1997 Ford Conversion, 244,000 well maintained miles, HD tow package, $1,200.00 OBO, lots new, email for details scottlacher@ 612-2107303

2000 Ford Windstar LX 7 Passenger Van, 133,349 Miles. $1,800. 6 Cyl Engine, Automatic Runs and drives great. Craig 952-368-9689

Classified Advertsing works...... Call: 952-345-3003

Eden Prairie News |

November 10, 2011 | Page 23



Gentle Joey “Joey is a lovely gray shorthair cat, about 2 years old, who was rescued from life on the street. She is a really sweet, gentle girl w i t h bi g green eyes Joey and soft fur who loves to cuddle and purr! Her favorite game is to play in the sink and swat the dripping water! She has a lot of love to give, and if you do as well, won’t you give this sweet gal a chance at a loving home?” Contact Southwest Metro Animal Rescue at: (952) 368-PAWS (7297) or swmetroanimalrescue @hotmail. com. Sout hwest Met ro A ni ma l Rescue and Adoption Society is in Chaska. For more information, em ai l sw met roa ni m a l rescue @ or visit

Pretty Emma Rose “Emma Rose, a 6-year-old Shih Tzu weighing 11 pounds, has a lovely, golden coat and a very calm and gentle personality. She is a bit shy at first, but as soon as she knows you, all is well and Emma Rose she is very happy. She shows it with her cute little wiggle butt. When she first

came into foster care, she had never worn a harness or leash so she was skeptical. Now, she loves to put them on because it means going outside to play in the grass or maybe take a short walk. She adapts well if given time and patience. Like any dog, Emma Rose will need to continue to learn basic dog obedience, which will also help her gain confidence in her new home. She loves to please and is a smart dog that learns quickly. She is house trained but will need continued reinforcement for her good habits. Emma Rose would be happiest in a quiet, calm household with adults, older children, or even another small dog. She just needs a companion who will be with her much of the day. She is healthy, spayed, microchipped, and up to date on her vaccinations. Her adoption fee is $250.” To add Emma Rose to your family, visit and complete an online adoption application or write to Shih Tzu Rescue of Minnesota, P.O. Box 46562, Eden Prairie, MN 55344.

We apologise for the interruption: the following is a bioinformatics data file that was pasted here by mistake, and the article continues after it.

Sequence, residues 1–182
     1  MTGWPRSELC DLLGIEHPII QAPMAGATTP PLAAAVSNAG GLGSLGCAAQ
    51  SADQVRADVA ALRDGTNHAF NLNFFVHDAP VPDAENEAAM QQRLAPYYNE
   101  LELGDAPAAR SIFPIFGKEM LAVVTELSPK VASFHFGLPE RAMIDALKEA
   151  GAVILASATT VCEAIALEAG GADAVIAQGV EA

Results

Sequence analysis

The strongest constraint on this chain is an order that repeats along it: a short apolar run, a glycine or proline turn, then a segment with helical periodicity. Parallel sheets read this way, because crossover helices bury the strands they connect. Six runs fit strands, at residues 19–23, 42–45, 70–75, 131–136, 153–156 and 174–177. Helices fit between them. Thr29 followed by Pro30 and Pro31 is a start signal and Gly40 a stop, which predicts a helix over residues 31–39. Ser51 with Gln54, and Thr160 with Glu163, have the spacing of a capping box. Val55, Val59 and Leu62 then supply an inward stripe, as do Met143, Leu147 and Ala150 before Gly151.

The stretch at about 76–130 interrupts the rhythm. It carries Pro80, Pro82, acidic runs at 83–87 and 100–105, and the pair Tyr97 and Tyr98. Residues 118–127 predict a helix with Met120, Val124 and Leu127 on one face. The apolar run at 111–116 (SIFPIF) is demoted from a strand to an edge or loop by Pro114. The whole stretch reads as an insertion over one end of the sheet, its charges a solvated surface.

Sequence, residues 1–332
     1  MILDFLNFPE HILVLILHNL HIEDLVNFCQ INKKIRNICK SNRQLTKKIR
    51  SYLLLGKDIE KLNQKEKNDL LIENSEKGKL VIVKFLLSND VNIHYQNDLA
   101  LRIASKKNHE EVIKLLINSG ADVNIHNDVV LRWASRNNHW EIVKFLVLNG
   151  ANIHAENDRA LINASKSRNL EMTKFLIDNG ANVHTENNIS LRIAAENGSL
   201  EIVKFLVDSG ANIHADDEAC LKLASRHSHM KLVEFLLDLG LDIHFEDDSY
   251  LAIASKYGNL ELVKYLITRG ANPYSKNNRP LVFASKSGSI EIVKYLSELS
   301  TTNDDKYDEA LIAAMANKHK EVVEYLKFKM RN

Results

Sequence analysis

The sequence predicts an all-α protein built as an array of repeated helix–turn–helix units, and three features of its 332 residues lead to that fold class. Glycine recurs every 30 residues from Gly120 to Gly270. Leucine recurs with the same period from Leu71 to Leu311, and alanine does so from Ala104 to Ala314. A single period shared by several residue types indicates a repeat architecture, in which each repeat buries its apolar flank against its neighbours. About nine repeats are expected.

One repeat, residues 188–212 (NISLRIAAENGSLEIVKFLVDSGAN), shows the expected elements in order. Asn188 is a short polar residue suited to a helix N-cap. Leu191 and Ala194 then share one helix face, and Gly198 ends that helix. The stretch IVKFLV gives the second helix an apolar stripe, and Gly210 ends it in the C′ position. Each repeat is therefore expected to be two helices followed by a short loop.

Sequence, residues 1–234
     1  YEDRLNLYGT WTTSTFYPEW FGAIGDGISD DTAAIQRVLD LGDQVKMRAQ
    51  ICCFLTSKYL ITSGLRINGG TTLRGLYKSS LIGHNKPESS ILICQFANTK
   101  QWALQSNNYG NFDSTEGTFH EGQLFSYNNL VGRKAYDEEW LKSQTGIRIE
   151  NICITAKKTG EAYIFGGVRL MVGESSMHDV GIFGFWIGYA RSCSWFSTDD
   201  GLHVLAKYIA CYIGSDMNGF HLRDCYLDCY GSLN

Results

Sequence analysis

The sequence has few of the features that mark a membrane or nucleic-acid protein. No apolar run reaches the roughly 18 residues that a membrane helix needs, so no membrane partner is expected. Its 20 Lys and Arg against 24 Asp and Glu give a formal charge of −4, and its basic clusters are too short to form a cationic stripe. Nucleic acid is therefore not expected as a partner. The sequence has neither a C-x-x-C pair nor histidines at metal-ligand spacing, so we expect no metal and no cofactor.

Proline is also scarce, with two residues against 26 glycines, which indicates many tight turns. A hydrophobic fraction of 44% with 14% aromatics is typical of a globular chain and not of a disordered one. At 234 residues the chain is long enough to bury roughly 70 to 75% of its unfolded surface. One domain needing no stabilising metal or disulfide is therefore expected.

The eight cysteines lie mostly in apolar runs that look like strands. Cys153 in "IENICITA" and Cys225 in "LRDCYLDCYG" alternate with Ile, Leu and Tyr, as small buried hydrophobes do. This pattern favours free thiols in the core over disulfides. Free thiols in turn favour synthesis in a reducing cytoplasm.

Pet Adoption Day set Nov. 12 Southwest Metro Animal Rescue pet adoptions will be held from 11 a.m. to 2 p.m. Saturday, Nov. 12, at PetsMart, 11200 Prairie Lakes Drive, Eden Prairie. Nine lab mix puppies will be there along with our other dogs and cats. All dogs and cats are microchipped, vet checked, vaccinations up-to-date a nd spayed /neutered, i f over 6 months. For more information about the nonprofit run by volunteers, go to or call (952) 368-PAWS (7297).

Congratulations Week 9 Winners! Chad B. $75 Gift card to Paradise

Chanhassen, MN Car Wash & Detail Center

Jacob T. $50 Gift Card to Arizona’s

Shakopee, MN Restaurant & Lounge

Drew J. 2 Movie Passes

PROP food shelf needs of the week “PROP needs your help this holiday season. PROP offers a Holiday Gift Program making it possible for about 900 low-income children and senior citizens from Eden Prairie and Chanhassen to receive gifts this year. This approach allows you to purchase gifts that a child or senior citizen has included on a wish list. If you are willing help a child or senior by donating a gift, please e-mail Maureen Grazzini, PROP’s Holiday Program Coordinator, at maureeng@ for more information. Together we can support local and pay if forward.” This week PROP is most in need of rice, boxed potatoes, stuffing, cranberries, pumpkin, sugar and fruit juice. Your cash donations enable PROP to use its buying power for food, supplies and financial support for clients. Your food donations keep shelves stocked. The group appreciates the support and invites you to volunteer and use your creativity to create a PROP-themed event. If you need services or support from PROP, visit its website at propfood. org, call (952) 937-9120 or stop by the office at 14700 Martin Drive Monday through Friday 9:30 to 1 p.m. or Monday and Wednesday evenings 4 to 6:30 p.m.